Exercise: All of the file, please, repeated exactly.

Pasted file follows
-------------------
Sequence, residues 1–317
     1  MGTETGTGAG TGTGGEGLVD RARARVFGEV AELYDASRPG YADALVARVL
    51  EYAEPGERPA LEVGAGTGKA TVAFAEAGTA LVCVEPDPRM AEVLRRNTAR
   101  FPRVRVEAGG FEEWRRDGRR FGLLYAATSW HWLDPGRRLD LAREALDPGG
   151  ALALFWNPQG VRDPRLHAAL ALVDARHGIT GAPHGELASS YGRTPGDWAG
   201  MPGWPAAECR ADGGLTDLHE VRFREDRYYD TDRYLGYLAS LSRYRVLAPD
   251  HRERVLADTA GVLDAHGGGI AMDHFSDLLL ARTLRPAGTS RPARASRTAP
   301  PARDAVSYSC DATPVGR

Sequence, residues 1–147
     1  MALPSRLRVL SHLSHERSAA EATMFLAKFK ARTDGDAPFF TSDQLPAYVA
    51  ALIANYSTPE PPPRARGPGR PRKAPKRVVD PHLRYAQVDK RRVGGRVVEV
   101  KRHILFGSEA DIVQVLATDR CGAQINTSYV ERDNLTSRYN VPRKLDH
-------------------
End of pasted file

Sequence, residues 1–317
     1  MGTETGTGAG TGTGGEGLVD RARARVFGEV AELYDASRPG YADALVARVL
    51  EYAEPGERPA LEVGAGTGKA TVAFAEAGTA LVCVEPDPRM AEVLRRNTAR
   101  FPRVRVEAGG FEEWRRDGRR FGLLYAATSW HWLDPGRRLD LAREALDPGG
   151  ALALFWNPQG VRDPRLHAAL ALVDARHGIT GAPHGELASS YGRTPGDWAG
   201  MPGWPAAECR ADGGLTDLHE VRFREDRYYD TDRYLGYLAS LSRYRVLAPD
   251  HRERVLADTA GVLDAHGGGI AMDHFSDLLL ARTLRPAGTS RPARASRTAP
   301  PARDAVSYSC DATPVGR

Sequence, residues 1–147
     1  MALPSRLRVL SHLSHERSAA EATMFLAKFK ARTDGDAPFF TSDQLPAYVA
    51  ALIANYSTPE PPPRARGPGR PRKAPKRVVD PHLRYAQVDK RRVGGRVVEV
   101  KRHILFGSEA DIVQVLATDR CGAQINTSYV ERDNLTSRYN VPRKLDH